Feb. 11, 2004 Tulane researchers, published in the February issue of the Annals of Internal Medicine, report that people with metabolic syndrome (Syndrome X) are nearly 2.5 times more likely to suffer from chronic kidney disease. Additionally, the more signs they have of Syndrome X, the higher their risk of kidney disease.
Syndrome X is a cluster of signs including:
- Fat around the waistline
- High blood pressure
- Low levels of HDL “good” cholesterol
- High fasting blood sugar levels
- High triglycerides
If a person has three or more of these signs, they are at higher risk of developing diabetes mellitus and heart disease, as well as kidney disease.
“Our study is the first to find a link between metabolic syndrome and chronic kidney diseases,” says Jing Chen, a kidney disease specialist at the Tulane Hypertension and Renal Center of Excellence, and lead author of the article. “However, it looks like earlier, better management of the metabolic syndrome might help prevent kidney disease.”
Chronic kidney disease, a major risk factor for kidney failure, heart disease and early death, affects approximately 8.3 million adults over age 20 in the United States. In addition, 47 million US adults suffer from the metabolic syndrome known as Syndrome X.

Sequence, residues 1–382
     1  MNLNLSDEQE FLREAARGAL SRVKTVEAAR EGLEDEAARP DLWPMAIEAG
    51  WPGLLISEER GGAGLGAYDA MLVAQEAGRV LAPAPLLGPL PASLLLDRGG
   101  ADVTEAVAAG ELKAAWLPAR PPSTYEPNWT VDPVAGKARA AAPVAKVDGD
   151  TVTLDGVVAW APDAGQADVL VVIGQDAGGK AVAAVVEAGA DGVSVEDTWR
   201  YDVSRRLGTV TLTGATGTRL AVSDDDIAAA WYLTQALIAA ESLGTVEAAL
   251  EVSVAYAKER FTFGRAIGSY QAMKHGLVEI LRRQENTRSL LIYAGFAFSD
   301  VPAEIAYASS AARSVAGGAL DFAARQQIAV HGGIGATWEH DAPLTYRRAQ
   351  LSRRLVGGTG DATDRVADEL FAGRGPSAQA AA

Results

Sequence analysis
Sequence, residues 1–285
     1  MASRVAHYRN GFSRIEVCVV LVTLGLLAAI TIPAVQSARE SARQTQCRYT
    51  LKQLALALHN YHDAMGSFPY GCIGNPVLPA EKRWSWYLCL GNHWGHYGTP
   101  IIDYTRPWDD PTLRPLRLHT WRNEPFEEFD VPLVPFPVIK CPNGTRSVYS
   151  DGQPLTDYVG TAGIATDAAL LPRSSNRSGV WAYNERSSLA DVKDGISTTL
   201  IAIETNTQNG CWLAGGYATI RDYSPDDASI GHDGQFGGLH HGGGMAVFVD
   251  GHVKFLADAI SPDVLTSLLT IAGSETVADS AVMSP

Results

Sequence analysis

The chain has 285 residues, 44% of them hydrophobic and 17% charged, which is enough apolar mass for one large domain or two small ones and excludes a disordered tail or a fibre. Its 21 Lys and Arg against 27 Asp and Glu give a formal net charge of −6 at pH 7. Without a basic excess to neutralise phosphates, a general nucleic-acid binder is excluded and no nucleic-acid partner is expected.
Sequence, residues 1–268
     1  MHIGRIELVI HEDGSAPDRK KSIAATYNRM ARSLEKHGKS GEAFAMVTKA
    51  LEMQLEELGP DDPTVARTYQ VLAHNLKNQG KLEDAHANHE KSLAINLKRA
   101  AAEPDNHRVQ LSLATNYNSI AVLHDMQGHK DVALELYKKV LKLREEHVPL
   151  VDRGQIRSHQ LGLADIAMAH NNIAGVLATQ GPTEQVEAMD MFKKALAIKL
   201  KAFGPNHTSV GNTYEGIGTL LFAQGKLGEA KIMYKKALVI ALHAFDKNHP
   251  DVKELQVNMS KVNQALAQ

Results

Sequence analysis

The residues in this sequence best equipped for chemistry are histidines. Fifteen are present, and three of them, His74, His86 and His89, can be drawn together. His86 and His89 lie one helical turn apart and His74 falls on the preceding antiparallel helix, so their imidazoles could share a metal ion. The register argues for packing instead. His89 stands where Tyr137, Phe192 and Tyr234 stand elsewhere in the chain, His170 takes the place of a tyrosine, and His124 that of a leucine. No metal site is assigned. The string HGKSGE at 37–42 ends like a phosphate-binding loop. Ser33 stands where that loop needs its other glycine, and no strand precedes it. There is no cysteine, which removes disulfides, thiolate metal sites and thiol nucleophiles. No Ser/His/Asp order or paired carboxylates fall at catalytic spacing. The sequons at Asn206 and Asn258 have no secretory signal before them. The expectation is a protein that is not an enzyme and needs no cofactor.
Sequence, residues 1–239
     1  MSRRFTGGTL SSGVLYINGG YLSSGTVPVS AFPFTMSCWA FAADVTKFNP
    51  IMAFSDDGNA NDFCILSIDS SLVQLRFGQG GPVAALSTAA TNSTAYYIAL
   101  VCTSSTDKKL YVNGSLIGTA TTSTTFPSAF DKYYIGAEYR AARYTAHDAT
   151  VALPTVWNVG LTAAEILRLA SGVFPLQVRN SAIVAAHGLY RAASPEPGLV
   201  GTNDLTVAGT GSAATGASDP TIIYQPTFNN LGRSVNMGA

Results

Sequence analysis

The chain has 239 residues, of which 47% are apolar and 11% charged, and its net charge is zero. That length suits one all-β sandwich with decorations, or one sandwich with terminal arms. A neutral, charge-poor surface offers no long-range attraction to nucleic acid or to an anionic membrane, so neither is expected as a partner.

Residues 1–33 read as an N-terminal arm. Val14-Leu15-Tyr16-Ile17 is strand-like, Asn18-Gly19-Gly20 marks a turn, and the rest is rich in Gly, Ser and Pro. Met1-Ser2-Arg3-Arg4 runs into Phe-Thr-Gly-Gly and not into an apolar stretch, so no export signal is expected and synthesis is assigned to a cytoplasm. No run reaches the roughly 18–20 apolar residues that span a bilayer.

Data from over 6000 participants in the National Health and Nutrition Examination Survey was used to assess the association between Syndrome X and kidney disease and protein in urine. Protein in the urine is a sign of kidney disease. In addition to discovering a higher risk of chronic kidney disease among people with Syndrome X, the researchers also found a higher risk of protein in urine among those with one or more of the signs of Syndrome X. The researchers also looked at the individual signs and found that abdominal obesity doubles the risk of chronic kidney disease.
The article is available on-line at: http://www.annals.org/
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